Steven Woolfe is still UKIP in sheep’s clothing

Wannabe UKIP leader Steven Woolfe is the latest Right-wing populist to discover the virtues of progressive language in his bid for working class votes.

Steven-Woolfe

On the BBC Today programme this morning, the MEP repeated his ‘social mobility’ pitch, saying he hopes to target Labour seats in future elections.

Woolfe, who made headlines today after missing the deadline for submitting his leadership nomination, has talked a Leftish talk before. In an interview with IBTimes on Thursday, he said:

‘My biggest concern is that we want to have an economy that treats everybody as fairly and equally as possible to make sure that no one is left behind and that someone is listening to them.

We’re not out there to protect the big corporates ripping us off.

We believe in a fair taxation system, we believe in capitalism not corporatism, but more than anything else we believe in people.’

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Brexit and global growth

The IMF’s chief economist says that Britain’s vote to leave the EU has ‘thrown a spanner’ of the global recovery.

DAVOS/SWITZERLAND, 26JAN13 - Christine Lagarde, Managing Director, International Monetary Fund (IMF), Washington DC; World Economic Forum Foundation Board Member is seen during the Session 'The Global Economic Outlook' at the Annual Meeting 2013 of the World Economic Forum in Davos, Switzerland, January 26, 2013. Copyright by World Economic Forum swiss-image.ch/Photo Moritz Hager

After the global economy performed better than expected at the beginning of 2016, the fund has today slashed growth forecasts for the UK and the world, blaming the referendum result for ‘a substantial increase in economic, political, and institutional uncertainty, which is projected to have negative macroeconomic consequences.’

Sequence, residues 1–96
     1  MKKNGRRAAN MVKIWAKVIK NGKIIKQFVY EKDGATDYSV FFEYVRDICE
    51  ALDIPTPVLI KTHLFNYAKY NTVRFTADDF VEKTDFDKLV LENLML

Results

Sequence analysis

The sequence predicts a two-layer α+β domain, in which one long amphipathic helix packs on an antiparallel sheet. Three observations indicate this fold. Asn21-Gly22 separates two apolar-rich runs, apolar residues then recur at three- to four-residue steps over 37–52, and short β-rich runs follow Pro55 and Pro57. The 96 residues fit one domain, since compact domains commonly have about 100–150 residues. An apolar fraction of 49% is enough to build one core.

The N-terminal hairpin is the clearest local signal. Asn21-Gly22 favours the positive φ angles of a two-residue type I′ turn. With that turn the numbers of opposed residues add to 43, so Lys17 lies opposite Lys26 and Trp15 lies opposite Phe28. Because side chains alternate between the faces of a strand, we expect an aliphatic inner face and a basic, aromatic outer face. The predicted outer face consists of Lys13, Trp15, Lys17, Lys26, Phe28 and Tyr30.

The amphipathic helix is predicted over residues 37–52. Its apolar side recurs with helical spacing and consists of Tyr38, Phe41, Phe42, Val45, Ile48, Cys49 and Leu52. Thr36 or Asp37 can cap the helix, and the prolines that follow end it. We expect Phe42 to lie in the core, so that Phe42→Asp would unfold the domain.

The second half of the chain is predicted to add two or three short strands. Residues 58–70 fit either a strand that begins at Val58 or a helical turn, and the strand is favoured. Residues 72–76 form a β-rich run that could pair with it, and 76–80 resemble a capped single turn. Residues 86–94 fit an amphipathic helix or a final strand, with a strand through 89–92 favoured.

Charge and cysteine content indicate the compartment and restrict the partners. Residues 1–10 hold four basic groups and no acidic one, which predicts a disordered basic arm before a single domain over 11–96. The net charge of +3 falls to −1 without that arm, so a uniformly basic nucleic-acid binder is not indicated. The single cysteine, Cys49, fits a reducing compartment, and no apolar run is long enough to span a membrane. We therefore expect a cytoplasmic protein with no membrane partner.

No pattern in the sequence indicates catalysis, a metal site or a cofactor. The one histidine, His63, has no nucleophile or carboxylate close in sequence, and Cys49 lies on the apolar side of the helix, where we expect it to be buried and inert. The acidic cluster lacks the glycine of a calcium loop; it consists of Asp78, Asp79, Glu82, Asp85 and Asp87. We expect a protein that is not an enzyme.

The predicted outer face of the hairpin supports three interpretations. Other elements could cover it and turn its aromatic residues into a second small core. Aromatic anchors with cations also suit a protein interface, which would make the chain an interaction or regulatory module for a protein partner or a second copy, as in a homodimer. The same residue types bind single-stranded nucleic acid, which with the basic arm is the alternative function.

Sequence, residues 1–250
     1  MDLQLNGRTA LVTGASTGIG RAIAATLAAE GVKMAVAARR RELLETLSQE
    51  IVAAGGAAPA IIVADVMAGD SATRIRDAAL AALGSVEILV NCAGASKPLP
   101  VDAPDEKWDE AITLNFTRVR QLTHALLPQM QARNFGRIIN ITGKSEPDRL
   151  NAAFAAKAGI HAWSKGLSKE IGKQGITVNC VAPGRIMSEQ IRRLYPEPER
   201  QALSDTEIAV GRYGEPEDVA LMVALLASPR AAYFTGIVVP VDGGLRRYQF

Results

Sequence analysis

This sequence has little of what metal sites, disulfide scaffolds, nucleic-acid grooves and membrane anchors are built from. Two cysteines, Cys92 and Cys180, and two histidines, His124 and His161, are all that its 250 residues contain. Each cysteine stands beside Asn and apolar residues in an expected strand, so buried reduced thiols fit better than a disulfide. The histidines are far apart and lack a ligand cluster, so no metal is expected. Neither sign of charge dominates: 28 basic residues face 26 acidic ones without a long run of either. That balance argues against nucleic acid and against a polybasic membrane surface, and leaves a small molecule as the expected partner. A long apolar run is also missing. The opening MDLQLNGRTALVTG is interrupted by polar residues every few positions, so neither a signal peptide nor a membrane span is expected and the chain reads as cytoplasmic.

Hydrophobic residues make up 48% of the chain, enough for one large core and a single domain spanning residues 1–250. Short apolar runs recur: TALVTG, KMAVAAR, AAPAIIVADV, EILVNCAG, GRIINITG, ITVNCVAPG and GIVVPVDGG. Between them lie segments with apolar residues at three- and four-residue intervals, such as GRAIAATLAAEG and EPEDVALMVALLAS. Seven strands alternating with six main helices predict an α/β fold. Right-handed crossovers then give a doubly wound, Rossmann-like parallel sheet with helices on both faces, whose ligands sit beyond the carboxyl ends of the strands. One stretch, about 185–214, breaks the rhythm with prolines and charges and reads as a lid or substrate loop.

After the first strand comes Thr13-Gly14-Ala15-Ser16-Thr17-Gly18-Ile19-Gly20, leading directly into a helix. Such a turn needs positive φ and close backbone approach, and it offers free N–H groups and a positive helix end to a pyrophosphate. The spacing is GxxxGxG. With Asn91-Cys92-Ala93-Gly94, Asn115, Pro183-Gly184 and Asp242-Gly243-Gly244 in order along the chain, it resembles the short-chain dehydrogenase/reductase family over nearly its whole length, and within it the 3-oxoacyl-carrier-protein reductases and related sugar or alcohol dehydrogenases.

This is consistent with the IMF’s pre-Brexit prediction that a Leave vote would could trigger ‘a protracted period of heightened uncertainty’ and cause long-term damage across economic sectors.

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Scottish economy would be damaged by Brexit, says new report

The Scottish economy faces the prospect of considerable damage if the UK votes to leave the EU.

Nicola Sturgeon discribes situation after brexit

According to a new commentary from the University of Strathclyde’s Fraser of Allander Institute, ‘there is a high probability that output and growth in the Scottish economy will be damaged if the United Kingdom votes to leave the EU’. It added:

‘First, the likelihood would be that trading arrangements would be less favourable than in the EU.

Not only would actual and potential Scottish exporters have to overcome a potentially weaker competitive position due to lower labour and total factor productivity, they may also have to face the additional hurdle of less favourable trading arrangements.

Secondly, uncertainty attaching to a Brexit and the terms of any subsequent arrangements might worsen Scottish productivity growth through the negative effects on trade competition, inward investment and financial integration.’

Publishing the commentary, Brian Ashcroft, Emeritus Professor of Economics at the Institute, warned that leaving the EU could place more of a burden on Scottish companies and the economy. He explained:

‘At a time when there is increasing policy concern about Scotland’s productivity and growth performance a vote to leave the EU would place an unnecessary burden on Scottish companies and economic policy.’

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